This will be a make-or-break year for Ohio State head coach John Markell. He’ll have to hope for improved chemistry in the locker room, and a huge impact from his freshman and sophomore classes to save his job. Those newcomers will be a welcome addition to a powerplay that was the worst in CCHA play last season. There is a lot of talent on this team, but unfortunately this team is probably a year or two away from really competing.

Nebraska-Omaha has enjoyed enormous amounts of production from their top line recent years thanks to great forwards like Bryan Marshall, Mick Lawrence, Scott Parse, and Bill Thomas. This year’s UNO team will need to rely on a much more balanced offensive approach to be successful. The Mavericks have gone with a goalie-by-committee approach over the past three seasons, with no one ever stepping in and taking the reigns. Jeremie Dupont has the talent to be that goalie they’ve needed, and as a junior, will have to step up.

Dallas Ferguson will start his first season as the third head coach of Alaska in just three years. His team is a little thin on talent, but he’ll have a great first line with the Knelsen brothers and Dustin Sather, and will hope for a big freshmen year from Carlo Finucci. The Nanooks have the advantage of experience in goal with senior Chad Johnson, who could help keep his team in a few more games.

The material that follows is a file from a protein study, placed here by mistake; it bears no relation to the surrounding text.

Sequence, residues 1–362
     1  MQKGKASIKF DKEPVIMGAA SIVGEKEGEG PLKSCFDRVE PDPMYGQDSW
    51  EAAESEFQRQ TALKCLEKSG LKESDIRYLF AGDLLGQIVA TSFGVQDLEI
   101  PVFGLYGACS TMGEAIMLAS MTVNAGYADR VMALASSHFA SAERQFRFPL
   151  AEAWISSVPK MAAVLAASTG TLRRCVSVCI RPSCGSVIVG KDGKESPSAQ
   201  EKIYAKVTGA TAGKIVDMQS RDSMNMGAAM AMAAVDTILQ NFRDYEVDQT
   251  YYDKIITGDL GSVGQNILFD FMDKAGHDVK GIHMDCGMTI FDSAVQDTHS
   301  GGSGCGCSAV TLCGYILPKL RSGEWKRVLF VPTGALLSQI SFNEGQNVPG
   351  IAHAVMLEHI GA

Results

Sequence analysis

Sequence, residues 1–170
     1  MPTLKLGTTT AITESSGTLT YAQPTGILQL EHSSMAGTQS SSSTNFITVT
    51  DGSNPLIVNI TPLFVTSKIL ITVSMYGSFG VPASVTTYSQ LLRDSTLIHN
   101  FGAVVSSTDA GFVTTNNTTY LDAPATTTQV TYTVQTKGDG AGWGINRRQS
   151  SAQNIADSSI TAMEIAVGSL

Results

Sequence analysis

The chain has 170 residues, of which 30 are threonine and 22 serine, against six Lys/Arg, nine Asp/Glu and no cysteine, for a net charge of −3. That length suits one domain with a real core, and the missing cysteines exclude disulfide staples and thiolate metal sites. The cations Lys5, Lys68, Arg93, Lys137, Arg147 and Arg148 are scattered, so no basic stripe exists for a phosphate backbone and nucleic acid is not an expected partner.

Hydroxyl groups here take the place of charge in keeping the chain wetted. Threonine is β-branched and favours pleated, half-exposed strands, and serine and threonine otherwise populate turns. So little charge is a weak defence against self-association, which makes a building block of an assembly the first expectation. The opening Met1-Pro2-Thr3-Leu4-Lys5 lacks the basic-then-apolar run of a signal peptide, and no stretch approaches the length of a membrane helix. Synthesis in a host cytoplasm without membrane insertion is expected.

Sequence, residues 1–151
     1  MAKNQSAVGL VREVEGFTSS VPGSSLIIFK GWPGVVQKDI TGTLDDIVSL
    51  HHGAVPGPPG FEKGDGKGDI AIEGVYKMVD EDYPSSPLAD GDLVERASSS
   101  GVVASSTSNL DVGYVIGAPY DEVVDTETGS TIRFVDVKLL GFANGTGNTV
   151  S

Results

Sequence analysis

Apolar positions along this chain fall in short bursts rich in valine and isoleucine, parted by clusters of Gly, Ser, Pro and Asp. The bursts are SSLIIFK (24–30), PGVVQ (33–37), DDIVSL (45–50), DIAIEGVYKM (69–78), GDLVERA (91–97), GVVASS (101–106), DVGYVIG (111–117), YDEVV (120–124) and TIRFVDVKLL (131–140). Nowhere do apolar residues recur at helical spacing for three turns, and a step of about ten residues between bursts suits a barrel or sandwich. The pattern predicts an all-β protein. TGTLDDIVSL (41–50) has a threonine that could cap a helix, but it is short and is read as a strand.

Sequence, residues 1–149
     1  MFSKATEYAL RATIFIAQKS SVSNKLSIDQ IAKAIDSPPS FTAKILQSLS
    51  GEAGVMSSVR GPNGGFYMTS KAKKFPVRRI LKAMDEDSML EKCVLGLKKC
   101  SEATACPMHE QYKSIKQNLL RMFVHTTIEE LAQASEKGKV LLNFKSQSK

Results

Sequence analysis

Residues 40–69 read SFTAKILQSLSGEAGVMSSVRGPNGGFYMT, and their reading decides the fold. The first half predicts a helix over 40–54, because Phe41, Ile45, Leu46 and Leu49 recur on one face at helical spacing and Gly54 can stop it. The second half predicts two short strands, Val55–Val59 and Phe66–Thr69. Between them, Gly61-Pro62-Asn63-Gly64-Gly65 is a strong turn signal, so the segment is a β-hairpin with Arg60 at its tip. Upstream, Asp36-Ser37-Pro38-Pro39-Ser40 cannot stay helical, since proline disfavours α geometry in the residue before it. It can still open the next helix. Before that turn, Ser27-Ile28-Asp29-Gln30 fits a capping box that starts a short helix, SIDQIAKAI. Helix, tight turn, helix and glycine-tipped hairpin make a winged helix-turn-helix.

Lake Superior may not be a team with a lot of household names, but they have a very experienced group up front with players like Nathan Perkovich, Zac MacVoy, Troy Schwab, and Josh Sim. It’s not elite level talent, but it also isn’t as bad as things were during the Anzalone 2.0 disaster. Brian Mahoney-Wilson showed promise in goal last year as a freshman, and Lake Superior may need him to help carry the team, the same way LSSU had moderate success with Jeff Jakaitis in goal.

Last year was another abysmal year for Western Michigan and things don’t look to be getting much better. The Broncos had the worst offense in the league last year, averaging less than two goals per game. They were also near the bottom of the league in goals against. The offense may improve, with good scorers like Patrick Galivan and Max Campbell returning, but none of their newcomers look like they will make an immediate impact in the same way Mark Letestu did two years ago, and it’s hard to see much improvement in this year’s WMU team.